Angela Greulich, Université Paris 1 Panthéon-Sorbonne
Hippolyte D'Albis, Paris School of Economics
Paula Gobbi, Université Catholique de Louvain
This paper shows that differences in fertility across European countries mainly emerge due to fewer women having two children in low fertility countries. It further suggests that childcare services are an important determinant for the transition to a second child to occur. The theoretical framework we propose suggests that: (i) in countries where childcare coverage is low, there is a U-shaped relationship between a couple's probability to have a second child and female's wage, while ((ii)) in countries with easy access to childcare, this probability is positively related with the woman's potential wage. Data from the European Survey of Income and Living Conditions (EU-SILC) confirm these implications when estimating a woman's probability of having a second child as a function of education. This implies that middle income women are the most affected ones by the lack of childcare coverage in low fertility countries.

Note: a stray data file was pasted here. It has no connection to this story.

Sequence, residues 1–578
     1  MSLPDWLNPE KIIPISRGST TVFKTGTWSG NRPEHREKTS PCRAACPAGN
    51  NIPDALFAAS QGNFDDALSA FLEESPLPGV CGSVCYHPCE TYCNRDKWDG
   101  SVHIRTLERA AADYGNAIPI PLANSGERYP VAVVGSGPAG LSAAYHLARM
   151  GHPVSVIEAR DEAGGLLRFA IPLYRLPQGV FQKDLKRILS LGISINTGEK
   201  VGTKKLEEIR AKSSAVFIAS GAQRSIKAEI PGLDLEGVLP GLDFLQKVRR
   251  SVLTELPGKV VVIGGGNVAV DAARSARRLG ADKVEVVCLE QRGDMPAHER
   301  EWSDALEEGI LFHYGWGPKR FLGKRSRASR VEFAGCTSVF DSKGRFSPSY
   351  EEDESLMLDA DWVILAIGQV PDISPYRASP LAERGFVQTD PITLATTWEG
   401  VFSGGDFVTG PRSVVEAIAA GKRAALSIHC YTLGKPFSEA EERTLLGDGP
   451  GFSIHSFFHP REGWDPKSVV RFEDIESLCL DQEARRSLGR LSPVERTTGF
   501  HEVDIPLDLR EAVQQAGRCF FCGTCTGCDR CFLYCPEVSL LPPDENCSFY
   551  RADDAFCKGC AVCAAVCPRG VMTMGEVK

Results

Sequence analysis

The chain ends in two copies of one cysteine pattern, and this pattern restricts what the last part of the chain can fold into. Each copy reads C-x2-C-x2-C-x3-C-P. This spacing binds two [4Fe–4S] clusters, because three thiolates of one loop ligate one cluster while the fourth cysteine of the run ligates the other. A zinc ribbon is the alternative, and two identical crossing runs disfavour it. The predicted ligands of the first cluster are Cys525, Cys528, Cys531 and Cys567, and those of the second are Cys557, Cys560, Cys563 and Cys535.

Presented in Session 52. Life course and female employment